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Tuesday 29 April 2008, 9.00-9.30pm
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CASE NOTES Programme no. 5 - Screening







Hello. Your car has an MOT check every year, so why not do the same for your body? You may not have any symptoms at the moment, but who knows what might be festering underneath your bonnet?

On the face of it, there's an irresistible logic in trying to pick up health problems before they start causing trouble, and while they're still treatable. The NHS offers several screening programmes from breast and bowel cancer to antenatal tests, and it's on the brink of adding aortic aneurysm screening to the list and under new government plans everyone aged 40 to 74 in England will be offered health checks for heart disease, stroke, diabetes and kidney disease.

So how do the powers that be decide that we will be screened for those conditions - but not, for example, prostate cancer or lung cancer? And is screening necessarily a "good" thing - is it a welcome lifesaver or is it turning us all into patients?

I'm basically very sceptical about mass screening because I believe that it has an adverse effect on the psyche of the nation in general. People become pathologised, we are encouraged to believe that we have to extend life at all costs, we are encouraged to believe that we contain ticking cancer time bombs and we're actually morally bullied into submitting to the fear, pain and inconvenience of the screening progress. And then we're made to feel guilty if we refuse.

I think it is a wonderful idea and I only hope that as many people as possible will take part in it and be restored to health as I have been.

With me in the studio to discuss these issues are Julietta Patnick, Director of the NHS Cancer Screening Programmes; Dr Ann McPherson, Oxford GP and co-founder of DIPEX, which researches patients experiences of health and illness; and Hany Hafez, a vascular surgeon at St Richard's Hospital in Chichester, who's been one of the pioneers of screening for aortic aneurysms. Welcome to you all.

Julietta, if I can start with you, what is screening then as opposed to say just testing or the normal stuff that goes on in a GP's surgery?

Well in a screening programme we will select people from the general population who have no symptoms or particular risk factors and we will invite them to participate in our programme which will involve for most people just a single test for early signs of cancer. And then if that single test has some worries about it we will bring them back and we'll do some diagnostic work until we can either return them to normal or say unfortunately they actually do have a cancer or whatever the other condition might be and they'll go forward for treatment.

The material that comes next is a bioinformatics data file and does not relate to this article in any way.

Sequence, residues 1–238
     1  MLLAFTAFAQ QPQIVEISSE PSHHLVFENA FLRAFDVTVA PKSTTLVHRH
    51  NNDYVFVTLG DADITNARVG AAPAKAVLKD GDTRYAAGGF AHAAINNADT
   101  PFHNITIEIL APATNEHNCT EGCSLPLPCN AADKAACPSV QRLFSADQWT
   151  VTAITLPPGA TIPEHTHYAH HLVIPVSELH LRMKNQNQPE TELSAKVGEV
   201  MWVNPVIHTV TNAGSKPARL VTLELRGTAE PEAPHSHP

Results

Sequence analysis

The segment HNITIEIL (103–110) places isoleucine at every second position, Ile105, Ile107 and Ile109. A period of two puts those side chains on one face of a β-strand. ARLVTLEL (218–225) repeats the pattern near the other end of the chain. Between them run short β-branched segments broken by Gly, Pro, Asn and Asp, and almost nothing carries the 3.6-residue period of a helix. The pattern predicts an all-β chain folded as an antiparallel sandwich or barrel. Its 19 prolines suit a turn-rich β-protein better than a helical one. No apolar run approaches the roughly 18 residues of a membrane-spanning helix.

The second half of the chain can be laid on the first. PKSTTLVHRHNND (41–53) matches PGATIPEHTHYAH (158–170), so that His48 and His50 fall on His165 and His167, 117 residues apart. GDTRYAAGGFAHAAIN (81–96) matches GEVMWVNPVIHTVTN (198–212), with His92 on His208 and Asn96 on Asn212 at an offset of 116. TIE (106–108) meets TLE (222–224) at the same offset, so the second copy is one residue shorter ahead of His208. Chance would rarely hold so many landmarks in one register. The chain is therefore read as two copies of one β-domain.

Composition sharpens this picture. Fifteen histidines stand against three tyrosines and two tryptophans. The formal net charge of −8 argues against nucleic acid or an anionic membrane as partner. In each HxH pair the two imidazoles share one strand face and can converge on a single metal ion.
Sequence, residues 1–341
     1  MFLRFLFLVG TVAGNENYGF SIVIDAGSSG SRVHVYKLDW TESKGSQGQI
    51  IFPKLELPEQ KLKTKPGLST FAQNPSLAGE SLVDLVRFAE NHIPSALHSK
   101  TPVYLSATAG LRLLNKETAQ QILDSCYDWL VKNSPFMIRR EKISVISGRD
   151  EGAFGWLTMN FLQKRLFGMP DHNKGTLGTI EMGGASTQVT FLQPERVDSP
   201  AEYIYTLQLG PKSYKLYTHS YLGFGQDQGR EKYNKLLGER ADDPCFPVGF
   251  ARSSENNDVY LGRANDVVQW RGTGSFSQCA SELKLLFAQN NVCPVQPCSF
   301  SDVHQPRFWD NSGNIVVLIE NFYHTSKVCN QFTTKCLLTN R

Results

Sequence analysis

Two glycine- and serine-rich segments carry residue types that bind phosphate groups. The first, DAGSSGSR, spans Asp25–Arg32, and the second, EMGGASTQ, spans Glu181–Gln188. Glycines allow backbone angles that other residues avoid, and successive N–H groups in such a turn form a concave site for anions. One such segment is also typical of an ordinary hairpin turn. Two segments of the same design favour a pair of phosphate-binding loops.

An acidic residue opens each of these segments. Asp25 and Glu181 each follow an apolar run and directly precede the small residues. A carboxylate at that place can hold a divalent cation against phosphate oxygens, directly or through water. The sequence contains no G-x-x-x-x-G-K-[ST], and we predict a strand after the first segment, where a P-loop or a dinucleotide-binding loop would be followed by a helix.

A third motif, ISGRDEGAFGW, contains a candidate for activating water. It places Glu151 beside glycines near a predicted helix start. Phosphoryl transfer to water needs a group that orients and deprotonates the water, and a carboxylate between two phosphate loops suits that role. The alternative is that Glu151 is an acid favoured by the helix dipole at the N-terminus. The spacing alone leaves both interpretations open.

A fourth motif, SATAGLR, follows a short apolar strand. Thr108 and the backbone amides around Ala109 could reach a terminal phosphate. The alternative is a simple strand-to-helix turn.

So it's not a diagnostic test but a sort of early screening filtering sort of procedure?

Exactly. Most people just have that basic test.

And broadly you're in charge of deciding which cancer screening programmes the NHS takes up, what criteria do you and your team of experts use to decide which get the thumbs up?

Well we have a national screening committee in this country and essentially the question that the committee asks is, is the chance of benefit to the population greater than the chance of harm if we introduce this new screening programme.

And the cost effectiveness must come into it too?

Absolutely, the costs have to be in line with the sort of costs that we do spend in the NHS on other activities but we don't even go into costs if the chance of harm is greater than the chance of benefit.

So Ann McPherson, as a GP, these new over 40 checks that Gordon Brown's announced, do these come under that sort of testing that's been done on screening programmes, do you think they come up to scratch?

I think we don't know about that yet, as to whether they do, and I think we need to explore a lot more about what the evidence is for how good and useful they are. I mean already most people who walk into the GP's surgery will have their blood pressure taken and no one thinks it's a screening programme but in a way it is, we're screening to see if people have got high blood pressure.

Hany, you've been involved in aortic aneurysm screening, the Department of Health is taking that up now, can you just tell us a little about what that is and what's it's for?

Well the screening programme, as announced by the Department of Health, will involve inviting men at the age of 65 to undergo a simple ultrasound scan of their abdomen to look at the main artery in the abdomen, which is the aorta, and some small proportion of these men will have an enlarged aorta, what we call an aneurysm....

So the aneurysm is like a swelling?

It's a swelling, it's a localised swelling of an artery and in this particular case the artery of interest is the main artery in the abdomen which is the aorta. And those individuals who would have a slightly larger than the normal sized artery will be then identified and followed up as part of the screening programme.

And the benefits of doing a screening are that you pick up people before quite a catastrophic burst ....

Absolutely, absolutely. Aneurysms in general and particularly in the abdomen don't have any symptoms at all and once they become symptomatic it's usually too late for us to intervene and achieve good results from intervention.

So how have you persuaded the Department of Health - you and others - persuaded the Department of Health, have you had to gather a lot of evidence?